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August 18, 2010

Billfish Conservation Act of 2010 introduced to US Congress

Congress considers ending trade in billfish
By Ncmc

Here's where you can send a letter to voice your support

 

A bipartisan group of federal lawmakers has introduced legislation that would take some of the ocean's most majestic fish out of seafood markets and off restaurant menus throughout the United States. The Billfish Conservation Act of 2010 (HR5804), introduced July 21st, would prohibit the commercial harvest, sale and importation of marlin, sailfish and spearfish, collectively known as "billfish", to give them added protection from overfishing.

Original co-sponsors of HR 5804 are Representatives John Shadegg (R-AZ), Debbie Wasserman-Schultz (D-FL), Mario Diaz-Balart (R-FL), Ileana Ros-Lehtinen (R-FL) and Anh "Joseph" Cao (R-LA).

Marlin and other billfish, top predators in the ocean food chain, are among the biggest and fastest fish in the sea, topping 1,000 pounds and swimming at speeds over 60 mph. But they are also among the most threatened. Commercial overfishing has reduced their populations to dangerously low levels in both the Atlantic and Pacific Oceans.

"By overfishing billfish, we risk damaging the ocean food web in ways we may not be able to repair," says Ken Hinman, president of the National Coalition for Marine Conservation (NCMC). "Taking marlin and other billfish out of the commercial market in the U.S., which this bill will do, is a necessary step toward giving these magnificent fish the protection they deserve."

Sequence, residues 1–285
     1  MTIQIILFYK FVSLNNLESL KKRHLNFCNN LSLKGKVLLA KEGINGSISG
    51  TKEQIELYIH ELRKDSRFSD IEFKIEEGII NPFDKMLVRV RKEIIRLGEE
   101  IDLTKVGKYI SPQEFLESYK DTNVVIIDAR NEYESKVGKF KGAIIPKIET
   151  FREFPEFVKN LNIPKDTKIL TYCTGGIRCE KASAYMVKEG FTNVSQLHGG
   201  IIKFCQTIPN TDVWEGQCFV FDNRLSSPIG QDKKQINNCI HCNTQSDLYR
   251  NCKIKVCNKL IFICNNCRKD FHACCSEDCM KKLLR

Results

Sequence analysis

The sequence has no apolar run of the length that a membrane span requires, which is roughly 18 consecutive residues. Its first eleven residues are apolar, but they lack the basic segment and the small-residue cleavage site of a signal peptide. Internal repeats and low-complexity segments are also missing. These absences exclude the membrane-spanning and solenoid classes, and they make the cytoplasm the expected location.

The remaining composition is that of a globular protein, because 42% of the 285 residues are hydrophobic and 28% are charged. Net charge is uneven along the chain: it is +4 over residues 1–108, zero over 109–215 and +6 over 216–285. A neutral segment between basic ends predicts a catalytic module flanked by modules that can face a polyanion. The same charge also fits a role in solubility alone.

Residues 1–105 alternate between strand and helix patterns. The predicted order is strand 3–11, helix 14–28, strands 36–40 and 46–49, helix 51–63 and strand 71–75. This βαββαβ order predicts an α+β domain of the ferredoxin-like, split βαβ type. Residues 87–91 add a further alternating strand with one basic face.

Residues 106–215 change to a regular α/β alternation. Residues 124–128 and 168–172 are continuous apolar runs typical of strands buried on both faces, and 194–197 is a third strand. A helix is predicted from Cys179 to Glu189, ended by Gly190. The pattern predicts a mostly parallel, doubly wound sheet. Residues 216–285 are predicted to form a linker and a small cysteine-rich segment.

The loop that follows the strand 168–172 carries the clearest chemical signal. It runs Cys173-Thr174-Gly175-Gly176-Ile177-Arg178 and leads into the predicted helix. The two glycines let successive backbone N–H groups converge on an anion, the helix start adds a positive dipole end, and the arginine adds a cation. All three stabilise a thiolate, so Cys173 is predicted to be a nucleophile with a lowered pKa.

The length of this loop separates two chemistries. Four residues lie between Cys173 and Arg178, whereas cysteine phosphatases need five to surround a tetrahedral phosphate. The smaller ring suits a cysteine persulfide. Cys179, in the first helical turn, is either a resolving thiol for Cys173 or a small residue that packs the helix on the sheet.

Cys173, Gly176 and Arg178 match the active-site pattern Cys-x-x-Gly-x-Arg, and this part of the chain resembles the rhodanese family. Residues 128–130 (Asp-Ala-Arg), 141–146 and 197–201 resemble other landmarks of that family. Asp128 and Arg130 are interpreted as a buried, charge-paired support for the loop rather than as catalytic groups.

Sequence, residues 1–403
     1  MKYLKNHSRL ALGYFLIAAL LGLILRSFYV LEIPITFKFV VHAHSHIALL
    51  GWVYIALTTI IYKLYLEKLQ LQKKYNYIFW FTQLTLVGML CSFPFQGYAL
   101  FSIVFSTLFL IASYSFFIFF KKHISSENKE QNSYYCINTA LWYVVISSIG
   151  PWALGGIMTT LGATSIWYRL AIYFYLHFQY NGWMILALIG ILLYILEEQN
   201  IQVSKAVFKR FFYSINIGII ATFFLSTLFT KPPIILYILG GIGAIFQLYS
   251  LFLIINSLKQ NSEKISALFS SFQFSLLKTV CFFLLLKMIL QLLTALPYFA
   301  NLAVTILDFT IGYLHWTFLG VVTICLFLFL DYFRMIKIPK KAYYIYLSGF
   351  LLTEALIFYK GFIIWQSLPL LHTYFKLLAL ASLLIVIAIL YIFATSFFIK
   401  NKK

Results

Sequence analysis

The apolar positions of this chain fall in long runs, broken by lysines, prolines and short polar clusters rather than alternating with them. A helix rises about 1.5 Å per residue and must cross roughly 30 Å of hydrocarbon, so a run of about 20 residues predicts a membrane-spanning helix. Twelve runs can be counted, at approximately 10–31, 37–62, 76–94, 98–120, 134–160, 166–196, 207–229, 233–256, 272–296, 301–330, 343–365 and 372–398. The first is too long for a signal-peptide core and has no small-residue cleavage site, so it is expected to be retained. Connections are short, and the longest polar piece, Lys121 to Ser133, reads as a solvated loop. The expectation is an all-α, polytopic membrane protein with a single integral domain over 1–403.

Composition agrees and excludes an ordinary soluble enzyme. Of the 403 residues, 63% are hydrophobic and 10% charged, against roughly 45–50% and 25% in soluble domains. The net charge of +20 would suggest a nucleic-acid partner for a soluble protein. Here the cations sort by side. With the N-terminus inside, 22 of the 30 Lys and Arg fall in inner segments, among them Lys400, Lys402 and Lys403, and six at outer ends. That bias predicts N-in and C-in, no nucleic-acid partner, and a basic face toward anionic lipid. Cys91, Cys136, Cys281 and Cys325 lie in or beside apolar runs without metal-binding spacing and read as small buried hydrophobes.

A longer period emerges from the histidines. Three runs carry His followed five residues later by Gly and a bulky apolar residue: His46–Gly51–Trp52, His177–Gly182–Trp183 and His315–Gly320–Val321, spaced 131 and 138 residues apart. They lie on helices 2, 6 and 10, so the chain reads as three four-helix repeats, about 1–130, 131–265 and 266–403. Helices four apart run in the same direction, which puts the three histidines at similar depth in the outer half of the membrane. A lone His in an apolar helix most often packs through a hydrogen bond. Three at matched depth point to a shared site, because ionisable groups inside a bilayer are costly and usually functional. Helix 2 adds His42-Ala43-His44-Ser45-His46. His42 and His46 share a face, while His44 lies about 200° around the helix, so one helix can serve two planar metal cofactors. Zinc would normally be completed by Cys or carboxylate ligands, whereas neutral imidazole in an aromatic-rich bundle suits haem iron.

In the U.S., marlin and sailfish are highly esteemed by recreational anglers, who practice catch-and-release fishing while generating substantial income to the economy. Billfish are only a bycatch in U.S. commercial fisheries. It is currently illegal to harvest or import Atlantic billfish into the U.S., but Pacific-caught fish come into U.S. markets in substantial numbers. In fact, according to a study commission by the International Game Fish Association (IGFA), the U.S. is the world's number one importer of billfish, buying about 3 million pounds of marlin in 2006 - or between 10,000 and 15,000 fish a year - for sale in restaurants and grocery stores.

"Billfish are simply not good candidates for sustained commercial harvesting," says Rob Kramer, IGFA president. IGFA and NCMC co-founded the Take Marlin Off the Menu campaign in 2008 to make consumers aware of the commercial threat to billfish and to recruit restaurants and retailers to take a "marlin-free" pledge.

"More billfish left in the water translates to healthier oceans and greater economic benefit to all of those who depend on our ocean resources," says Kramer. "This bill will close the current loophole allowing for the sale of Pacific-caught billfish in the U.S. and help ensure that we have healthier stocks for generations to come."

Among groups supporting the Billfish Conservation Act of 2010, in addition to NCMC and IGFA, are the Center for Coastal Conservation and the Coastal Conservation Association.

Backers say the legislation will have a negligible economic impact on the commercial industry in the U.S. and could even generate new economic benefits. Billfish are not a target species and modifications in fishing gear can reduce billfish bycatch while increasing the target catch of tuna and other marketable species. Increasing billfish abundance will enhance the value of the recreational fishery, which brings in billions of dollars but has an insignificant impact on the resource.